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This small book contains considerable information, both pertinent and irrelevant; many of the illustrations and much of the text, however, present merely the fundamentals of heart disease and might well be omitted.
The authors give a valuable analysis of the data on 350 cases of their own and compare them with series already published by McIlroy and Rendel in 1931 (200 cases), Carr and Hamilton in 1933 (500 cases) and Watson in 1933 (240 cases). Of the authors' series 89.7 per cent were rheumatic, 4 per cent were congenital and 6.3 per cent were miscellaneous. Ninety-five patients had a trivial to slight amount of heart disease and three of these (3.2 per cent) died. These were called class 1. The other 284 had more severe heart disease, and of these twenty-two (7.8 per cent) died. These were called class 2. Thus there was a total mortality of twenty-five of the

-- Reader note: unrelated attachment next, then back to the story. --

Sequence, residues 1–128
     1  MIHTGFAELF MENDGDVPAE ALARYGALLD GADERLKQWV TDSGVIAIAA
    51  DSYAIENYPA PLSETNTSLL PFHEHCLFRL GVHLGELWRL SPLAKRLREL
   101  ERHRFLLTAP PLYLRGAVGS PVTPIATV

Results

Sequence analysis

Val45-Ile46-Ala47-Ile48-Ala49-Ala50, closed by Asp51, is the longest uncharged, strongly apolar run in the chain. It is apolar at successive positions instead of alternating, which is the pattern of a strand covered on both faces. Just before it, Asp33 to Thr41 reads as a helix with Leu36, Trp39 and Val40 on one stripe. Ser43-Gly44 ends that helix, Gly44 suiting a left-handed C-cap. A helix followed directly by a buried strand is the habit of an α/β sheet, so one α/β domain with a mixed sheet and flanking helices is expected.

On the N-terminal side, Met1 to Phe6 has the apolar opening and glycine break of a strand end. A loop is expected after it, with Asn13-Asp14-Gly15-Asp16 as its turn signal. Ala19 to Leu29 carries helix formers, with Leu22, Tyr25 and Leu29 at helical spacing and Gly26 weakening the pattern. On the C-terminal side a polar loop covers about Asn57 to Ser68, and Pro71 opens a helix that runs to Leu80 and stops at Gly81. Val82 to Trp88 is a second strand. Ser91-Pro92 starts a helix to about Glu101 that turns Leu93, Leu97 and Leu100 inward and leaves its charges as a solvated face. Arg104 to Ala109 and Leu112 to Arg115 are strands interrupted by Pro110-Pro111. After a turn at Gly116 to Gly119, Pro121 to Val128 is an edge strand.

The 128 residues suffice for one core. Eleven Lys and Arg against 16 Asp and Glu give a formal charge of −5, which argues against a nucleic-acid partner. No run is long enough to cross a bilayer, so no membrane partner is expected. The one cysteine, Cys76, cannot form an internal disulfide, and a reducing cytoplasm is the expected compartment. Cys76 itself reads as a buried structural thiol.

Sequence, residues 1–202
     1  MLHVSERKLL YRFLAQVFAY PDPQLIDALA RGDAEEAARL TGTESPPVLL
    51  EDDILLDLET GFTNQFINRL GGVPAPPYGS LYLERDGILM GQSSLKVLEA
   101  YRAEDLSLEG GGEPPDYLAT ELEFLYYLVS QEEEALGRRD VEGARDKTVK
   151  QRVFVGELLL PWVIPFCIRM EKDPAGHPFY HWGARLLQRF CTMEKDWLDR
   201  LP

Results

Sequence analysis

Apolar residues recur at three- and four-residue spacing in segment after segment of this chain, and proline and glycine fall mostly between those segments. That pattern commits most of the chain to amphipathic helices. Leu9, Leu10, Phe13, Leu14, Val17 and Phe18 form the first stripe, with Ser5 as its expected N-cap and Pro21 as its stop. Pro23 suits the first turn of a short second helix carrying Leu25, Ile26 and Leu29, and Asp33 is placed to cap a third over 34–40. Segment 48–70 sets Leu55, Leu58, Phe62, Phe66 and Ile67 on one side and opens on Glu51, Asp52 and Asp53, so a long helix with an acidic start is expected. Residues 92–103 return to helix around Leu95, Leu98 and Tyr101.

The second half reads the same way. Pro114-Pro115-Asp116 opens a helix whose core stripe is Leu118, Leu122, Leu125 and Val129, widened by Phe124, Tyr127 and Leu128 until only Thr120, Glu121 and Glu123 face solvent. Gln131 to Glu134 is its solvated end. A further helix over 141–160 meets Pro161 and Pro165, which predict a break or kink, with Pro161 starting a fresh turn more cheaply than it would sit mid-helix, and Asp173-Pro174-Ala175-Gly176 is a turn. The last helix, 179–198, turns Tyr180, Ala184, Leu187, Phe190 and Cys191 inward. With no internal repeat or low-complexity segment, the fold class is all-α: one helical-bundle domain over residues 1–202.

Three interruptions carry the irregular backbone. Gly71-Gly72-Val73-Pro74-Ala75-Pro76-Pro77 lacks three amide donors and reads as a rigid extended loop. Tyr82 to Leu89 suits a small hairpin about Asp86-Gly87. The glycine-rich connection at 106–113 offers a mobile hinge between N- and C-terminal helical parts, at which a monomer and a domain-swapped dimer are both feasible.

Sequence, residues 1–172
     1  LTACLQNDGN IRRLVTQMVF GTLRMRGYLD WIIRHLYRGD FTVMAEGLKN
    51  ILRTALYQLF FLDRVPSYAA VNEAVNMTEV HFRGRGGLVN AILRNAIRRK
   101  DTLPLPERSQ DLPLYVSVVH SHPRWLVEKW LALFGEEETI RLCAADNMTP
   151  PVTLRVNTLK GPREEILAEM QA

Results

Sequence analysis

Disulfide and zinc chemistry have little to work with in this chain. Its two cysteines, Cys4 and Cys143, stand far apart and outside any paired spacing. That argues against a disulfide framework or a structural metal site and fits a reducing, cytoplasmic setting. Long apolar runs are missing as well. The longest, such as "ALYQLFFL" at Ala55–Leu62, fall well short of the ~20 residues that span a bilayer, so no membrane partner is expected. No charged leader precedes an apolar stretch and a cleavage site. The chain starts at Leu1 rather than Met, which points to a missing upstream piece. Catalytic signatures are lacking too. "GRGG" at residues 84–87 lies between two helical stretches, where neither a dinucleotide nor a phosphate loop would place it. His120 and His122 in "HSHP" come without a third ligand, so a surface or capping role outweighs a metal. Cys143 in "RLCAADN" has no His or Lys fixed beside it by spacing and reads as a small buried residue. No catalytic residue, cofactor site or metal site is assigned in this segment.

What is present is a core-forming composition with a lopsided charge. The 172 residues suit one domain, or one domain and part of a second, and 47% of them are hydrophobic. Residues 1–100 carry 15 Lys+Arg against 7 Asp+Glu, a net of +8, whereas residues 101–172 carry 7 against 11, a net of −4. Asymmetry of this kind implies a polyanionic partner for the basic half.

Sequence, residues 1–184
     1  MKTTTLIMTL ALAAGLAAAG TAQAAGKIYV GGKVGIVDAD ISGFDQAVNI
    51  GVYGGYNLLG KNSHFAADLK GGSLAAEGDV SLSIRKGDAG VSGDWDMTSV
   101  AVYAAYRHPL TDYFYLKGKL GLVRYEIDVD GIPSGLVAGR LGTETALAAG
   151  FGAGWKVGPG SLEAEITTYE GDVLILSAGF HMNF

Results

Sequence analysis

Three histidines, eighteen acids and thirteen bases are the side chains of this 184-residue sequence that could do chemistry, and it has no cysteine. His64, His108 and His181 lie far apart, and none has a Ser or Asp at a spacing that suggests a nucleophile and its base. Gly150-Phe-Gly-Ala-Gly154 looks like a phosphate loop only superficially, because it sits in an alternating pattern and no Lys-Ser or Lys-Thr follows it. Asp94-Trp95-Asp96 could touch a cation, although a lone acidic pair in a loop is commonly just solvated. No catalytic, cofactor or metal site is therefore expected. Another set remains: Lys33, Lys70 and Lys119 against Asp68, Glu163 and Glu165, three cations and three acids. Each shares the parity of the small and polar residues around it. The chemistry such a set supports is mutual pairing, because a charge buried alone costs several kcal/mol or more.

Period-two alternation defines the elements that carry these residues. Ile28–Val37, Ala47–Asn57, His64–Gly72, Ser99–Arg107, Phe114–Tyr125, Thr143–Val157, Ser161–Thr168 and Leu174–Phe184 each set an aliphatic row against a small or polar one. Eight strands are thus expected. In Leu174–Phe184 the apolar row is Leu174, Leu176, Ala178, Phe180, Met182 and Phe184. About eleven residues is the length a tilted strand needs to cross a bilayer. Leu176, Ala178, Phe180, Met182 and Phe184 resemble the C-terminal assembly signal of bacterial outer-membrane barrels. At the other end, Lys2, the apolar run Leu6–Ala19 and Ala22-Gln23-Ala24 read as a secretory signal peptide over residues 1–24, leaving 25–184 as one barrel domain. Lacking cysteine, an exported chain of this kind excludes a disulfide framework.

Heart Disease and Pregnancy. JAMA. 1939;112(13):1290. doi:10.1001/jama.1939.02800130074032
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